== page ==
Base metals prices on the London Metal Exchange were diverging on the morning of Friday May 18.
The main movers were nickel, which climbed 1%, and aluminium, which dropped 0.6%. Zinc prices are down 0.3% while the rest are little changed, with copper prices at $6,869 per tonne.
Volume on the LME has been below average, with 3,276 lots traded as at 06.46 am London time.
This follows a mixed performance on Thursday where the main movers were nickel and lead, which both made gains of 1%, while aluminium prices dropped by 0.9%.
Gold, silver and platinum prices are little changed this morning, with spot gold prices off by 0.1% at $1,289.88 per oz, while palladium prices have recovered 0.4%, having dropped by 1% on Thursday. The strong dollar and US yields, no doubt, are still dominating over increased geopolitical tension.
The base metals prices on the Shanghai Futures Exchange were mixed with copper, lead and nickel prices up by 0.4%, 0.6% and 1.5% respectively with copper prices at 51,290 yuan ($8,053) per tonne, while aluminium and tin prices were down by 0.6% and zinc prices were down by 0.1%.
Spot copper prices in Changjiang were up by 0.1% at 50,970-51,070 yuan per tonne and the LME/Shanghai copper arbitrage ratio is at 7.46.
In other metals in China, iron ore prices were down by 0.6% at 478.50 yuan per tonne on the Dalian Commodity Exchange. On the SHFE, steel rebar prices were down by 1.3%, while gold prices were off by 0.1% and silver prices were up by 0.2%.
In wider markets, spot Brent crude oil prices were weaker at $79.49 per barrel this morning, having been above $80 per barrel on Thursday. The yield on US 10-year treasuries continues to climb and was recently quoted at 3.1085%. Meanwhile, the German 10-year bund yield has eased to 0.63%.
Equity markets in Asia were mixed on Friday: Nikkei (+0.33%), Hang Seng (+0.25%), Kospi (+0.46%), CSI 300 (-0.06%) and the ASX 200 (-0.13%). This follows a mixed performance in western markets on Thursday, where in the United States the Dow Jones closed down by 0.22% at 24,713.98, and in Europe where the Euro Stoxx 50 closed up by 0.82% at 3,592.18.
The dollar index, at 93.41 remains strong but is consolidating having set a high on Wednesday at 93.64 – the brief pullback between May 10 and May 14, appears to have just been a pause in the rally, with 95.00 now the upside target.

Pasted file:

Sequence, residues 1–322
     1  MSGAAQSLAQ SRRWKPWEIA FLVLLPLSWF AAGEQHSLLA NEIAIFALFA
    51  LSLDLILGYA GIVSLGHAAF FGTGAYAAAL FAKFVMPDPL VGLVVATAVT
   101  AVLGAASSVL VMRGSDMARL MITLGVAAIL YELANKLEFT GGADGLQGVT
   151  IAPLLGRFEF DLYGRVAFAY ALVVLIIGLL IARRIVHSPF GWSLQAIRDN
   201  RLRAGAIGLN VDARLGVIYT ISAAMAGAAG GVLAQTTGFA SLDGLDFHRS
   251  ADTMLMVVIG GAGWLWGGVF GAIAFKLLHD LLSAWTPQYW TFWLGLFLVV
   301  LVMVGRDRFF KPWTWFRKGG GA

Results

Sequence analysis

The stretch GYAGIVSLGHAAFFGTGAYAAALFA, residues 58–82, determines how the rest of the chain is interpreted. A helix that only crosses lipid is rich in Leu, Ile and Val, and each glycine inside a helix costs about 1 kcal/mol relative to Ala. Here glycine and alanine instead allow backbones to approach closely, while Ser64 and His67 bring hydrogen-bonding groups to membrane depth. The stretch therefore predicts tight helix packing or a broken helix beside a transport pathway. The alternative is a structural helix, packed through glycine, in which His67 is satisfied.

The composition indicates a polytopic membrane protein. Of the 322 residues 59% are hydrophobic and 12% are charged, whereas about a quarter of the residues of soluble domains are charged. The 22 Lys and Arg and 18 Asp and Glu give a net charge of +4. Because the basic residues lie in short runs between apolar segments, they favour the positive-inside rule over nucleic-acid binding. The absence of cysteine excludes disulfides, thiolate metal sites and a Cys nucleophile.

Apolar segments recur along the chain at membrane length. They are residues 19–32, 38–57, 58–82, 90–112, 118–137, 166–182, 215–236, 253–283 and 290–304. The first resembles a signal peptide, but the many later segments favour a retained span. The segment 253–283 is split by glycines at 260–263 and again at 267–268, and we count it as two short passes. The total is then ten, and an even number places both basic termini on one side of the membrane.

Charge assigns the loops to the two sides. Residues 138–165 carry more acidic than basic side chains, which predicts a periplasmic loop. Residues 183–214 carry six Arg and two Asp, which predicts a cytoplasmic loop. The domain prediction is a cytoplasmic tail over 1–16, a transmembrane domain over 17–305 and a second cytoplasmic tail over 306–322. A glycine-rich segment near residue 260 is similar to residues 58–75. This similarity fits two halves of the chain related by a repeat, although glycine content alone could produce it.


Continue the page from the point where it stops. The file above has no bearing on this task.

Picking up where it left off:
The other major currencies that had been weakening after the dollar strengthened were generally consolidating this morning: euro (1.1812), sterling (1.3521)and the Australian dollar (0.7522), but the yen (110.83) continues to weaken. The diverging government bond yields seem to be setting the tone, with safe-haven concerns taking a back seat.
The yuan is also consolidating (6.3677) and most of the emerging market currencies we follow are looking weaker again; the exception is the rand, which is managing to consolidate.
Today’s economic agenda includes data on Japan’s national core CPI, which climbed 0.7%, down from the previous reading of 0.9%, while data out later includes the German PPI and the WPI and the EU current account and trade balance. In addition, Federal Open Market Committee members Loretta Mester and Lael Brainard are speaking.
The base metals generally remain rangebound, volumes are lighter and the markets seem to be waiting for fresh direction from economic data that has in recent months pointed to less concerted global growth – some regional weakness has shown up, while in other areas growth has slowed. In these conditions, the metals are trading their own fundamentals more.
On balance, we think underlying sentiment is robust and that should provide support, but there seems little interest/need to chase prices higher – the summer lull seems to have arrived early.
Given considerable uncertainty over US trade and the geopolitical tensions this seems logical. With US treasury yields strengthening we need to be wary of corrections in broader markets that could lead to another risk-off moment, but in the absence of that we expect more rangebound trading. We would expect a more bullish scenario to unfold if economic data starts to pick-up again.
Silver and palladium prices seem to be holding up relatively well; platinum prices are back in low ground and gold prices are suffering because of rising US yields and dollar strength, which has increased the opportunity cost of holding gold. Emerging currencies can act as a barometer of risk appetite, given their weaker trends that may be a warning that we could see broader based risk-off.
With gold prices already weakening, gold may be seen as commodity that has already corrected and therefore is better placed to provide a safe haven again.